Nationality is the legal bond between a person and a state. It denotes membership and gives rise to both rights and duties on the part of the individual and the state concerned. This legal bond is also commonly referred to as “citizenship,” and in most writing on the subject, “nationality” and “citizenship” are used as interchangeable synonyms. However, it is important to note that at the domestic level, citizenship and nationality may constitute distinct legal statuses. In addition, the terms “national” and “nationality” are used in some international legal contexts and related writing to describe membership of a “nation” in the sense of a particular cultural, ethnic, or historic community. Each state’s municipal law dictates on whom nationality shall be conferred. The two principal doctrines for the attribution of nationality are jus soli (nationality based on birth on state soil) and jus sanguinis (nationality based on descent from a national). A third common ground for the attribution of nationality is long-term residence, which can open the door to naturalization. It is also possible for a person to renounce, lose, change, or be deprived of his or her nationality under certain circumstances. International law recognizes, in principle, the freedom of states to regulate access to nationality as an exercise of sovereignty. However, some limits to this freedom may be imposed under international customary and treaty law. A stateless person is someone who is not considered a national by any state under the operation of its law. Statelessness is an anomalous situation, in 2011 affecting an estimated 12 million people worldwide. There are numerous causes, including a conflict of nationality laws and arbitrary deprivation of nationality. Another common cause of statelessness is the inadequate or uncoordinated regulation of nationality in the context of state succession. Statelessness has a detrimental effect on individuals, families, and communities. The lack of a nationality can severely obstruct the enjoyment of a wide range of rights and services, contributing to poverty and marginalization, and even leading to forced displacement. Although human rights law provides for the right to a nationality, and two international treaties were adopted specifically with a view to addressing statelessness, over the years the issues of nationality and statelessness have received inconsistent attention from the international community and from scholars. Therefore, as compared to other areas of international law, there are large gaps in the literature on these subjects. However, in recent years the interest in statelessness and the problems associated with the regulation of nationality has been growing steadily, and this has heralded many new and insightful publications.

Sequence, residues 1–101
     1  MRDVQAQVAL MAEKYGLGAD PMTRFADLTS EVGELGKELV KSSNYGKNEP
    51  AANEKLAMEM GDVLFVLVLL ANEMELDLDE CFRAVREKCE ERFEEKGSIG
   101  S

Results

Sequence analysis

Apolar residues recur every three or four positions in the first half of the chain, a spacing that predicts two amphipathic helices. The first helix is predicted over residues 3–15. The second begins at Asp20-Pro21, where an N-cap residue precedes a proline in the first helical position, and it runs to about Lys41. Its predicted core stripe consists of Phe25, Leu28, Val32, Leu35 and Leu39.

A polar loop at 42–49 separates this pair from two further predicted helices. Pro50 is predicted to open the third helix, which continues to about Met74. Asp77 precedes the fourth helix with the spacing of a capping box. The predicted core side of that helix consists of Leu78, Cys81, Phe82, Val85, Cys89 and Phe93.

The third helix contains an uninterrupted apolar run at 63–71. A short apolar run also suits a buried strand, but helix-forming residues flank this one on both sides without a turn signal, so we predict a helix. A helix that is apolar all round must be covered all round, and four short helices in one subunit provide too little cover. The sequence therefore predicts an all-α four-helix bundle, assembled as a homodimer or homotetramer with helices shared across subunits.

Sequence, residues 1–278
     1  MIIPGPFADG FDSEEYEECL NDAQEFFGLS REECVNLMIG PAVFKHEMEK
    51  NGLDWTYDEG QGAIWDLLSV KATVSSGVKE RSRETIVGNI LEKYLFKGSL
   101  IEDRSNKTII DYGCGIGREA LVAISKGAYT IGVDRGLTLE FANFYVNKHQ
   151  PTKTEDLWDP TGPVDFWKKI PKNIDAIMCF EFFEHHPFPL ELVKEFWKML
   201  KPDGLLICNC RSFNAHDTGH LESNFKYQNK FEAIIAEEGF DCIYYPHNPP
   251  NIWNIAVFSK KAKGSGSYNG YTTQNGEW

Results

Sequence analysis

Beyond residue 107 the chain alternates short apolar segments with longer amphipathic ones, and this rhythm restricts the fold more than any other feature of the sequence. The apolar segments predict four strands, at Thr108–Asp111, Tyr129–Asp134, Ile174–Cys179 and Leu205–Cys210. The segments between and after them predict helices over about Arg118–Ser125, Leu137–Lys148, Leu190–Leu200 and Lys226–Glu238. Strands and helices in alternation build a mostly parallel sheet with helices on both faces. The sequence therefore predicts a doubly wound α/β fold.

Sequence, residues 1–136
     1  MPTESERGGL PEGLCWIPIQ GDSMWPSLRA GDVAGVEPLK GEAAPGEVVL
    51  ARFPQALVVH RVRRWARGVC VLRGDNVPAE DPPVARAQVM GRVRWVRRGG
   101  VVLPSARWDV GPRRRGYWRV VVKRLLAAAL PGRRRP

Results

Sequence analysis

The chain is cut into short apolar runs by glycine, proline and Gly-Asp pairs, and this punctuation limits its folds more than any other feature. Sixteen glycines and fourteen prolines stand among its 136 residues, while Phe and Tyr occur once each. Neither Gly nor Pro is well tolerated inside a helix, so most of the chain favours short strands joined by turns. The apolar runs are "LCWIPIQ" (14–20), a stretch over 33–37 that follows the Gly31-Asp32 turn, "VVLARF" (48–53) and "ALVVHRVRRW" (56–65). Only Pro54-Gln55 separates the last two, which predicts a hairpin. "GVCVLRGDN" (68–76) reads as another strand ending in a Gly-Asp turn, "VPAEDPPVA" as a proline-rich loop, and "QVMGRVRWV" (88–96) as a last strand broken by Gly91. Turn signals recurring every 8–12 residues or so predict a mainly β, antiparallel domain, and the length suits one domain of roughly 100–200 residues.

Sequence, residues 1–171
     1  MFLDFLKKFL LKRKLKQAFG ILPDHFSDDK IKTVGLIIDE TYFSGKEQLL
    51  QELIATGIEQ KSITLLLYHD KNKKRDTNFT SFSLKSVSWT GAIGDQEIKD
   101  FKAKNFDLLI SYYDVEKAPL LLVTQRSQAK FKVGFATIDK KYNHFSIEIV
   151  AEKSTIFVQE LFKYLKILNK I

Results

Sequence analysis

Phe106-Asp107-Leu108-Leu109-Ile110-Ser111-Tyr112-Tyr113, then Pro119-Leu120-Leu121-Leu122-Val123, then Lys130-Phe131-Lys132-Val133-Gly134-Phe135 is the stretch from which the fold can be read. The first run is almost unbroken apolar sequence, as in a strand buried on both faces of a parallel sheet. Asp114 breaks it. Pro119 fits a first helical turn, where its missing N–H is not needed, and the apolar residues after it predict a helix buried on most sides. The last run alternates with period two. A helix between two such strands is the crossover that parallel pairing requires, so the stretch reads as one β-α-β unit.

The following entries provide a broad introduction to the concept of nationality and/or statelessness under international law. Unlike closely related areas of international law, such as refugee law, this remains an underdeveloped area of legal literature. There are few comprehensive works dedicated to these subjects, and several of the more significant contributions are now to some extent dated, having been written prior to key developments in municipal and international law relating to nationality. Hudson 1952 was compiled before the adoption of the UN conventions relating to statelessness and at a time when international human rights law was also in its infancy. Nevertheless, this early report, as well as pieces by leading international law scholars (e.g., van Panhuys 1959, Brownlie 1963, Weis 1979), provide an excellent overview of the concepts of nationality and statelessness, as well as a presentation of the challenges of dealing with these issues through international law, many of which are still pertinent today. Reading one or more of these earlier pieces provides a helpful framework for understanding more recent writings, including Goodwin-Gill 1994, Zilbershats 2002, van Waas 2008, and Weissbrodt 2006, which reflect upon contemporary developments in international law, including the influence of human rights law on this field, but do not discuss the underlying concepts in any real depth. Other overviews, such as Achiron, et al. 2005 (cited under The 1961 Convention on the Reduction of Statelessness), and Forced Migration Review in 2009, provide an easy-to-read introduction that can be valuable, for instance, to undergraduate students seeking to gain a first insight into the core issues before embarking on a more in-depth exploration of underlying theory.